Land Banks: Tools for Community Revitalization


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As of April 2015, Ohio had twenty-two county land banks in operation, which have revitalized hundreds of buildings, including residential homes, skyscrapers, historic theaters, and vacant factories, and have demolished over 15,000 blighted structures.

The Greater Ohio Policy Center’s latest report, “Taking Stock of Ohio County Land Banks: Current Practices and Promising Strategies,” places land banks in the larger context of community revitalization and highlights promising county land bank programs that have the potential to greatly contribute to sustainable economic and community redevelopment throughout Ohio.

Each of Ohio’s 22 county land banks is tailored to their local circumstances, although most have shaped their missions to include the broad goals of:

  1. Stabilizing and strengthening markets—particularly residential neighborhoods—to prevent further decline, and
  2. Clearing a path for private sector re-engagement by lowering barriers through incentives, support, and resources.

Through the study, GOPC identifies changes in local practices and state level policies that would further increase land banks’ effectiveness.  Recommended changes in state level policies include:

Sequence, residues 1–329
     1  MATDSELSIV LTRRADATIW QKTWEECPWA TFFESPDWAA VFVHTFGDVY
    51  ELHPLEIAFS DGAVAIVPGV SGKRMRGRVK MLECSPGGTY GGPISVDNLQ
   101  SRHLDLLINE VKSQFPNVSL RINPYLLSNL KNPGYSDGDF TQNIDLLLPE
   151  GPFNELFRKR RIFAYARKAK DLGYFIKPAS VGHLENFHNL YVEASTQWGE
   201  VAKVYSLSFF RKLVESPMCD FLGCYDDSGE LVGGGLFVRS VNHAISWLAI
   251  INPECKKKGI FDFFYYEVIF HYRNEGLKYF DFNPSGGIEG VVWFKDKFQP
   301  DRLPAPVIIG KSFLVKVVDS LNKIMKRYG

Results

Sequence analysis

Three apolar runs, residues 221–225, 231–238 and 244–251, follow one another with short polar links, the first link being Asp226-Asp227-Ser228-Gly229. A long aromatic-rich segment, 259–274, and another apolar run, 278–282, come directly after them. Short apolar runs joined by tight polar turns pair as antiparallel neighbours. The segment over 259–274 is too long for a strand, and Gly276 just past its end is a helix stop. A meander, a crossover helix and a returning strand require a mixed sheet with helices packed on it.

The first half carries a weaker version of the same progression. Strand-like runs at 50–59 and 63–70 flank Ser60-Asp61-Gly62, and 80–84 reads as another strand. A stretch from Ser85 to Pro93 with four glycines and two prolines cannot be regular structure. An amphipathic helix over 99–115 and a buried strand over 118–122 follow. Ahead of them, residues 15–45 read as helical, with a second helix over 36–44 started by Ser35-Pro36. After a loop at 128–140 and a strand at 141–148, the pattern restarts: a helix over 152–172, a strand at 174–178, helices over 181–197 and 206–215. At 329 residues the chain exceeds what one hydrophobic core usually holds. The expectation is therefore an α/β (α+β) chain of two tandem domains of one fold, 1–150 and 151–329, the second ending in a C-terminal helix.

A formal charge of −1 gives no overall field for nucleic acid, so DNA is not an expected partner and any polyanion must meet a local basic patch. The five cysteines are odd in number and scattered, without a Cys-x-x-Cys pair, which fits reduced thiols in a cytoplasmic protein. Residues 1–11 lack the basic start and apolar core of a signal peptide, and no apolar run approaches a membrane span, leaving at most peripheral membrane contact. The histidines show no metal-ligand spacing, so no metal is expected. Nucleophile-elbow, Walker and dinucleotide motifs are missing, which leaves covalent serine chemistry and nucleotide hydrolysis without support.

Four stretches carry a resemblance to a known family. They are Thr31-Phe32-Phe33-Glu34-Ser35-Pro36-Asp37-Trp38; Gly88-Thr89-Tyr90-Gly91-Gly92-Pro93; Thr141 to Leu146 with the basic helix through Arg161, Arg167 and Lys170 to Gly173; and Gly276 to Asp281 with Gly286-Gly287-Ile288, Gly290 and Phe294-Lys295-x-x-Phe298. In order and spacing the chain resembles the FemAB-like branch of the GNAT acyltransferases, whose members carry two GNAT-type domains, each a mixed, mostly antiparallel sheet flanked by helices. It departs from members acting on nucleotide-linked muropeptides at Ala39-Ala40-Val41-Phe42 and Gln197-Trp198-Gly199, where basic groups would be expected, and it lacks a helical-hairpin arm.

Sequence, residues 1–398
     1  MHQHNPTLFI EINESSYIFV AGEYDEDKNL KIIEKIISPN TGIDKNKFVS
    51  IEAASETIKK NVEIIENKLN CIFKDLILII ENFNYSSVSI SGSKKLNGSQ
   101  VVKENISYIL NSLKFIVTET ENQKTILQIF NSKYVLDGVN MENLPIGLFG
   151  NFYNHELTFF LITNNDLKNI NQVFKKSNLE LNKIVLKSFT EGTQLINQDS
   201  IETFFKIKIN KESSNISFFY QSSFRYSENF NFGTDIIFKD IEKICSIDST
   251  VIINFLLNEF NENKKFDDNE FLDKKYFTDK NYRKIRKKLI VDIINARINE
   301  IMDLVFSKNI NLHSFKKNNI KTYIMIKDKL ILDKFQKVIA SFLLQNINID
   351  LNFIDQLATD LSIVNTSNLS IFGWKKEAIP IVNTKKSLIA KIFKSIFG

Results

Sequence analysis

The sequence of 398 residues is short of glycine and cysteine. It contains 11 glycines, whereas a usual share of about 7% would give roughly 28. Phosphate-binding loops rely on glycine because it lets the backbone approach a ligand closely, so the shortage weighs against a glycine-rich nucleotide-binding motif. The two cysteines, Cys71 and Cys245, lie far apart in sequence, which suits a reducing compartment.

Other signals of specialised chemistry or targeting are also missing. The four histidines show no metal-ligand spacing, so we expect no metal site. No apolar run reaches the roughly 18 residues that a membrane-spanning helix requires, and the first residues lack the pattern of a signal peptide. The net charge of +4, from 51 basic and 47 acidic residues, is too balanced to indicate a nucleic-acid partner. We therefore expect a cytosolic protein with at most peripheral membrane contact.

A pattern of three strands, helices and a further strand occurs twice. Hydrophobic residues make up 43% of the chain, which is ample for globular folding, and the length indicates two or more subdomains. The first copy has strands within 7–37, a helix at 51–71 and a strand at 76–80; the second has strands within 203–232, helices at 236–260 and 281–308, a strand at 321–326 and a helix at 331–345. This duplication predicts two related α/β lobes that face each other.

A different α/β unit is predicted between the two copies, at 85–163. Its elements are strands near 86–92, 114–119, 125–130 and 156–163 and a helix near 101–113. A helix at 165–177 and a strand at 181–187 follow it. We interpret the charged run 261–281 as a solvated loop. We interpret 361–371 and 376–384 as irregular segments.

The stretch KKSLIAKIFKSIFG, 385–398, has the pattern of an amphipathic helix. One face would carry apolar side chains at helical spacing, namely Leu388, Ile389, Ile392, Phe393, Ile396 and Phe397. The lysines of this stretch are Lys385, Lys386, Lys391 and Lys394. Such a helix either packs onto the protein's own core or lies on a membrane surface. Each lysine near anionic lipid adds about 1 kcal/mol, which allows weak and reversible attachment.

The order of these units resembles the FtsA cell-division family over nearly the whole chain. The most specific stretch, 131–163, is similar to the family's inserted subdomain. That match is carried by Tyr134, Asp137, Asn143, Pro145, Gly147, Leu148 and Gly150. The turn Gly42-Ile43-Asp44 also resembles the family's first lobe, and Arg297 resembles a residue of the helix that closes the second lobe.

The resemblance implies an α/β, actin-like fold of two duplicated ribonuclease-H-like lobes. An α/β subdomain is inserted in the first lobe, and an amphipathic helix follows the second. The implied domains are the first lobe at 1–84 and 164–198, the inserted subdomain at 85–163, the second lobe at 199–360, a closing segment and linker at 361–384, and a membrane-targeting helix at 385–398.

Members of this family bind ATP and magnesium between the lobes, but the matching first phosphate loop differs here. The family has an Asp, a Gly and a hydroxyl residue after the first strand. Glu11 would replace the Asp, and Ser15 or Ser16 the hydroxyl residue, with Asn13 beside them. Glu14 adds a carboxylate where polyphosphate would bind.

• Give counties the option to forgo holding forfeited land sales in cases in which properties on this list are more of a liability than asset
  • Require county auditors to assess the condition and quality of properties at the same time they are assessed for value
  • Provide immunity to trespassing charges to county land bank officials who enter blighted properties

While Ohio’s county land banks are still early in their development, and many have yet to implement all the tools available to them, “Taking Stock of Ohio’s County Land Banks” concludes that land banks are having impact in their communities and hold great promise for the future.

For more information and a copy of this report please visit “Taking Stock of Ohio County Land Banks: Current Practice and Promising Strategies.”

For other resources on land banking, I suggest you visit the Center for Community Progress’ “Land Bank Information Headquarters.”

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